As curious young children explore their environment, they put food and other objects in their mouths that can stick in their windpipe (trachea) and make it difficult or impossible for them to breathe. Choking sends thousands of infants and toddlers to emergency rooms each year.
The American Academy of Pediatrics and other agencies, such as the Consumer Product Safety Commission, have worked for years to warn parents and child caregivers and to improve the safety of toys and products.
Before age 4, children aren't able to grind their food into small pieces. Protect your child by creating a safe eating environment and avoiding certain foods until your child is age 4.
Supervise your child. Don't leave your child alone while he or she is eating.
Sit your child upright in a high chair.
Discourage eating and talking at the same time.
Cut your child's food into small pieces until his or her molars come in.
Stop your child from running with food in his or her mouth.
Do not allow a child younger than age 4 to have these foods:
Nuts and seeds
Chunks of peanut butter
Chunks of meat or cheese
Popcorn, pretzels, potato chips, corn chips, and similar snack foods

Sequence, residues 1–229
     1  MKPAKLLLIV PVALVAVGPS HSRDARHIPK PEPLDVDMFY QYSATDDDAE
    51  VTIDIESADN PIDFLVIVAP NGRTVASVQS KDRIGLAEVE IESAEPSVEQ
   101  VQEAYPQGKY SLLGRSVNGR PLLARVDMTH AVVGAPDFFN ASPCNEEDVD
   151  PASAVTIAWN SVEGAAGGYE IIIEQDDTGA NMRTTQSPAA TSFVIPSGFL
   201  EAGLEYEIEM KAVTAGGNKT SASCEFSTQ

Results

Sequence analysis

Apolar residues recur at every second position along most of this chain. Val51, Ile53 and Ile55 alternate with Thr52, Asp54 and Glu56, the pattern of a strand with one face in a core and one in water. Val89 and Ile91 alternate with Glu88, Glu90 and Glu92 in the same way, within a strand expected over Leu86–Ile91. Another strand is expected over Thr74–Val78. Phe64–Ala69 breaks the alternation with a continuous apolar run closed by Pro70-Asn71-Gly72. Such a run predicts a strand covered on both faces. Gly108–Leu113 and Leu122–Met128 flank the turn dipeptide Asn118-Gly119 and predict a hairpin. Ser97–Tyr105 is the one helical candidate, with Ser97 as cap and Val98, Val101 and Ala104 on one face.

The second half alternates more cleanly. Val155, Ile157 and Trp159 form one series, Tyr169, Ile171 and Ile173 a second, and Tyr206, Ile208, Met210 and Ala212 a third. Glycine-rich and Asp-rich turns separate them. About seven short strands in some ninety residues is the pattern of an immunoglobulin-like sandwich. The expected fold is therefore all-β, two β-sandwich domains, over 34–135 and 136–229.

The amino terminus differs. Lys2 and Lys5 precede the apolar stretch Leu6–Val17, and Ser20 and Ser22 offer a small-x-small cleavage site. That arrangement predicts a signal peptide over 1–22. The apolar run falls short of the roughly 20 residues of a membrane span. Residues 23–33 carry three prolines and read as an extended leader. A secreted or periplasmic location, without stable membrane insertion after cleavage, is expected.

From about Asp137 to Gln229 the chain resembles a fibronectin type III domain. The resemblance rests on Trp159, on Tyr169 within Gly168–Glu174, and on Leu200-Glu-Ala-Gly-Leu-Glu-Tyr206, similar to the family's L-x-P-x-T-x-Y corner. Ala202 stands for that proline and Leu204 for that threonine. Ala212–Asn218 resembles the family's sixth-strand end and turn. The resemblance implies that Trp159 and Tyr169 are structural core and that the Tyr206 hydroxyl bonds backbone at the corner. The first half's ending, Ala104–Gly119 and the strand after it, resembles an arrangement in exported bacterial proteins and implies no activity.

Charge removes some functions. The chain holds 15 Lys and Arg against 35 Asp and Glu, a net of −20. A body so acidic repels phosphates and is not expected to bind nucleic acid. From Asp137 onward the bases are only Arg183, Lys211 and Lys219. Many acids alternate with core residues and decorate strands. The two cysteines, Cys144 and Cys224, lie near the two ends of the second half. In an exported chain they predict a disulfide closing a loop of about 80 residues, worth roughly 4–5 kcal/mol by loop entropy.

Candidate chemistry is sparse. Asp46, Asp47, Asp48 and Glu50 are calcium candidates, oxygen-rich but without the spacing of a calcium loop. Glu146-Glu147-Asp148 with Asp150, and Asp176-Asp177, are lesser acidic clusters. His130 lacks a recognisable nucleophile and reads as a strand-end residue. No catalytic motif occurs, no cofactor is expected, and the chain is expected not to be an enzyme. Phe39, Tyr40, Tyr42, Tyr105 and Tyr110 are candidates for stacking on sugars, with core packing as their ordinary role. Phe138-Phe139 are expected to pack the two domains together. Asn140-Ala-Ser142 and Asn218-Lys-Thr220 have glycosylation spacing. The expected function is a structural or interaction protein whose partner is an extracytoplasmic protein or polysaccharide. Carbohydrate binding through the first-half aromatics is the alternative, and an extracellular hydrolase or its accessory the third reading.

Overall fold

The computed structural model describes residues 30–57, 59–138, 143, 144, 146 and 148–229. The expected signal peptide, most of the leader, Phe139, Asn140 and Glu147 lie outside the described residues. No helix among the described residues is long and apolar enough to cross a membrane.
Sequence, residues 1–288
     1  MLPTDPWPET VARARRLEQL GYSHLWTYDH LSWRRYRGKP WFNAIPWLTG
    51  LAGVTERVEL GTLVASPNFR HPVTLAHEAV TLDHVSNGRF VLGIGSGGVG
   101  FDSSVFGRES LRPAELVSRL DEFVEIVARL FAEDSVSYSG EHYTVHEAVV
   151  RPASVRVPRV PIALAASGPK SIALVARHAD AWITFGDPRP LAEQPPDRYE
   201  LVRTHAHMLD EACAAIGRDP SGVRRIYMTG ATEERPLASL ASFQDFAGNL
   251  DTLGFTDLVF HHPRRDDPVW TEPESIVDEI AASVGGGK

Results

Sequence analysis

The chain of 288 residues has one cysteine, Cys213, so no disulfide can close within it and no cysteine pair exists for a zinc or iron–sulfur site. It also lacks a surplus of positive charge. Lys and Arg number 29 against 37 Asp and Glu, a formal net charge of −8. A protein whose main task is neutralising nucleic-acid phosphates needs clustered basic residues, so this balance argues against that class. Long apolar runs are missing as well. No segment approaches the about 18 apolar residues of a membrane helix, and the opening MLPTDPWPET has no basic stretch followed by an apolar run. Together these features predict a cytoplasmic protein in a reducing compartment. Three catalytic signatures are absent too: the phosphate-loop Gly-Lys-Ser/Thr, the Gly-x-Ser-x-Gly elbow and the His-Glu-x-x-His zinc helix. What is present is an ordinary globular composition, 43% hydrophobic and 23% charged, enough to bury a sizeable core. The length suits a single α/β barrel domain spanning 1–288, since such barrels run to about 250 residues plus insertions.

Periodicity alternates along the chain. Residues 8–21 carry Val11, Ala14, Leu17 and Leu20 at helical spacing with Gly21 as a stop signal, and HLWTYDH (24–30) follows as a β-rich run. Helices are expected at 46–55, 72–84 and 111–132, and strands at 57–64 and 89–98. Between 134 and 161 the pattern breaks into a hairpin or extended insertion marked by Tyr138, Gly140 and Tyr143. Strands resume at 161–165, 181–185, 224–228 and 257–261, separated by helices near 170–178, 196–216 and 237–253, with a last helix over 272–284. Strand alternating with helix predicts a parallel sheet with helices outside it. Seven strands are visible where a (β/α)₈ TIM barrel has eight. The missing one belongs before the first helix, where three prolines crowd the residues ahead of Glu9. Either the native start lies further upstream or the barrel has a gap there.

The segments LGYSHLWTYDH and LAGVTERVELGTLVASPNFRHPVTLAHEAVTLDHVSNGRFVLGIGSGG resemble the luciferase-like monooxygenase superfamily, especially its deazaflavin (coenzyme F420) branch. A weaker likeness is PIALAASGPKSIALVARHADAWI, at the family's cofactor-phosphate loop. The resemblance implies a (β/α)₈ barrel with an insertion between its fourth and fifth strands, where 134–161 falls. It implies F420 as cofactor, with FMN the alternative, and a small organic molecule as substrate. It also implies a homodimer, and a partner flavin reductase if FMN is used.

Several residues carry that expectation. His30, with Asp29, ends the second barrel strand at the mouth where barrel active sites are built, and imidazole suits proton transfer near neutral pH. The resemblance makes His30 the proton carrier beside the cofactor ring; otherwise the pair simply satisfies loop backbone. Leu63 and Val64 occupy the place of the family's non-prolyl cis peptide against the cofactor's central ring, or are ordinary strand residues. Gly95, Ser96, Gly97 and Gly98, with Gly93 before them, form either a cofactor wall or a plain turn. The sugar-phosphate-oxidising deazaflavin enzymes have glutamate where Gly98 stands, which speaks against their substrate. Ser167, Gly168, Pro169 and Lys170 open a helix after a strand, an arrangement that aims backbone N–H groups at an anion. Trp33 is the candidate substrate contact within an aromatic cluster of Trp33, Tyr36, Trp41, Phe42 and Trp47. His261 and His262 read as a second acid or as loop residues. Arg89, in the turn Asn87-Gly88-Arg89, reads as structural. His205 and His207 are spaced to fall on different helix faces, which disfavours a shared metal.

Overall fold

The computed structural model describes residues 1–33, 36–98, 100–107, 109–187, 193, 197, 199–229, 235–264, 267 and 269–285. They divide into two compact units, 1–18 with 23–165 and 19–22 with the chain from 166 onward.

Hard, gooey, or sticky candy
Raw vegetables, especially hard ones
If hot dogs are the only food you have, remove the tough skin and cut the meat into small pieces.
Although food is the most common cause of choking in small children, other objects are also a threat. Keep small household items and toys with small removable parts out of toddlers' reach. Be sure to remove common offenders, such as uninflated or broken balloons, coins, marbles, tiny balls, pen caps, button-type batteries, and pins. Balloons are the toys most commonly involved in fatal choking accidents. If a child bites on an inflated latex balloon, it can pop, enter the lungs, and choke the child. Broken pieces of a balloon can also be dangerous if a young child picks one up and puts it in his or her mouth.
Choking can occur even if you take precautions. If your child has a forceful cough and is crying or vocal, let the child get the food or object out. If your child can't make a sound, have someone call 911 or your local emergency number, while you do the Heimlich maneuver. Learn the version that's right for your child's age. The American Heart Association provides standard procedures for choking victims of all ages. Once the food or object comes out, take your child to the health care provider. A piece of the object may remain in the lung; only a health care provider can tell if your child is OK.